Why Tokyo needs the Olympic Games

People offering prayers for victims of the 2011 tsunami at Arahama district in Sendai on March 11, the second anniversary of the disaster. Hosting the Olympics will provide a goal for Japan to aspire to after the tragedy.

Organisational efficiency and superlative hardware are desirable, but passion will probably determine which of the three candidate cities gets to host the 2020 Summer Olympics.

The ability of Tokyo to manage the world's largest sporting event is not in doubt.

Governor Naoki Inose, who is heading Tokyo's bid, was in St Petersburg yesterday to tell International Olympic Committee (IOC) executives meeting on the sidelines of an annual sporting convention what a great host his city will make.

Critics, however, say that what is lacking so far is a storyline that will make Tokyo's presentation a compelling one.

Emphasising how safe a city Tokyo is, how good it is at running a world-class sporting event, and how much money it already has in the bank to bankroll the Games is all and good.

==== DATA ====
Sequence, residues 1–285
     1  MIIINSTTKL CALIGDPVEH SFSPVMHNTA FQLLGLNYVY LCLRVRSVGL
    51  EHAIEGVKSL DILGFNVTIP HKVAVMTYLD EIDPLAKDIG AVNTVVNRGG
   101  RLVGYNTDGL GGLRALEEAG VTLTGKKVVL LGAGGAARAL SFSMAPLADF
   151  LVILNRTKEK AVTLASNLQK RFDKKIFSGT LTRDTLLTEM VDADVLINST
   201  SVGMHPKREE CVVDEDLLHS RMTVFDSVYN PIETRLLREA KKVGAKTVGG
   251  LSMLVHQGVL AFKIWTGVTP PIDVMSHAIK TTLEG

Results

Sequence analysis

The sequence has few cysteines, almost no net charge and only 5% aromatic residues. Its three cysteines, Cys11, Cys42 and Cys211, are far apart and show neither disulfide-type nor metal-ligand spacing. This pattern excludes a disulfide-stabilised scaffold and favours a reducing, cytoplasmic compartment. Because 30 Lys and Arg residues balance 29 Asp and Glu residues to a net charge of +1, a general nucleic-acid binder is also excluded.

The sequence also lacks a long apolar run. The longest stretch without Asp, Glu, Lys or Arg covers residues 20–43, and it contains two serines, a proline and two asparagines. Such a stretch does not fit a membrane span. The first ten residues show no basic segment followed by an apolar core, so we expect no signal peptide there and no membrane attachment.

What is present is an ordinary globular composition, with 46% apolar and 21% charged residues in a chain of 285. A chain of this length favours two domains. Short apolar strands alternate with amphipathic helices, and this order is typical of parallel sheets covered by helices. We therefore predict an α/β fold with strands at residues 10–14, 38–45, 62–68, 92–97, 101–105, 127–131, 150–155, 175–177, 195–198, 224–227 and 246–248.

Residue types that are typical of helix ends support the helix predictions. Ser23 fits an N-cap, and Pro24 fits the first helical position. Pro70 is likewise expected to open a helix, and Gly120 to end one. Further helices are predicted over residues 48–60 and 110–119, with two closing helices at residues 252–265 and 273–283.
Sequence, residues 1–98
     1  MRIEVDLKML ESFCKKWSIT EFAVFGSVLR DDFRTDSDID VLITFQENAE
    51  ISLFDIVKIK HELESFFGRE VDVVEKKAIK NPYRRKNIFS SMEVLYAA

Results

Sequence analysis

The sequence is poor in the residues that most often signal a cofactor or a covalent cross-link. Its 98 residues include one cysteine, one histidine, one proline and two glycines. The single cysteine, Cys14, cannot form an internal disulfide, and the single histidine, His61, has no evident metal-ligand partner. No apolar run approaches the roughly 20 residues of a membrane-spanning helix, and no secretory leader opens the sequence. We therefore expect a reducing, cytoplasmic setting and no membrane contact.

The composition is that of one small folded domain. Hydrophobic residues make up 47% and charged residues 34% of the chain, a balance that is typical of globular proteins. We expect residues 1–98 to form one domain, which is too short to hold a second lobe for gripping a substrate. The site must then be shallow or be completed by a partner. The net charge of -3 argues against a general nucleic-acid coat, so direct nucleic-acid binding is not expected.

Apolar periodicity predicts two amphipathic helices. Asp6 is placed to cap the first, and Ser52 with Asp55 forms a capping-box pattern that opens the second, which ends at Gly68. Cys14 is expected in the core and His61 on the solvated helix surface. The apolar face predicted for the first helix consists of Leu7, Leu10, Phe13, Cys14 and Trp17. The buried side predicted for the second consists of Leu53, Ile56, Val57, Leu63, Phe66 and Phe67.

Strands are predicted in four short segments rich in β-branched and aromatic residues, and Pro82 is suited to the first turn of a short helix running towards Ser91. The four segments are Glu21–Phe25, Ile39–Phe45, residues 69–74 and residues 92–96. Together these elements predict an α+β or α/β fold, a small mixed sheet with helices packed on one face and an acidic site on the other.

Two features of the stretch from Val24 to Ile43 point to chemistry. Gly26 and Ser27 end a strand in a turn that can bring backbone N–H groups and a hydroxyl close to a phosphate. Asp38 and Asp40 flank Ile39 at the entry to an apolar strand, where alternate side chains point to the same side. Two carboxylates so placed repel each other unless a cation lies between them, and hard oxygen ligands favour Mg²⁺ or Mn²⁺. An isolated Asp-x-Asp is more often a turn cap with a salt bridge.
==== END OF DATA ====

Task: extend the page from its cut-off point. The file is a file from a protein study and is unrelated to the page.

But passion - why Japan so badly wants to host another Olympic Games - is something the Japanese have not been successful in conveying to the world. The script for that has been written and efforts have been made to act it out.

But the Japanese, it seems, are not so good at story-telling. Far easier, it seems, to tout Tokyo's superb infrastructure, and the efficiency and hospitality that the Japanese are world famous for.

What Japan really has to tell the world is that it needs a dream to lift the spirits of a nation that two years ago was ravaged by a huge tsunami and earthquake. Hosting the Olympics will provide a goal for the Japanese to aspire to.

As one official put it, the Olympics will enable the Japanese to brace themselves for the monumental task of reconstruction of northern Japan, which in many areas still lags behind because of the scale of destruction.

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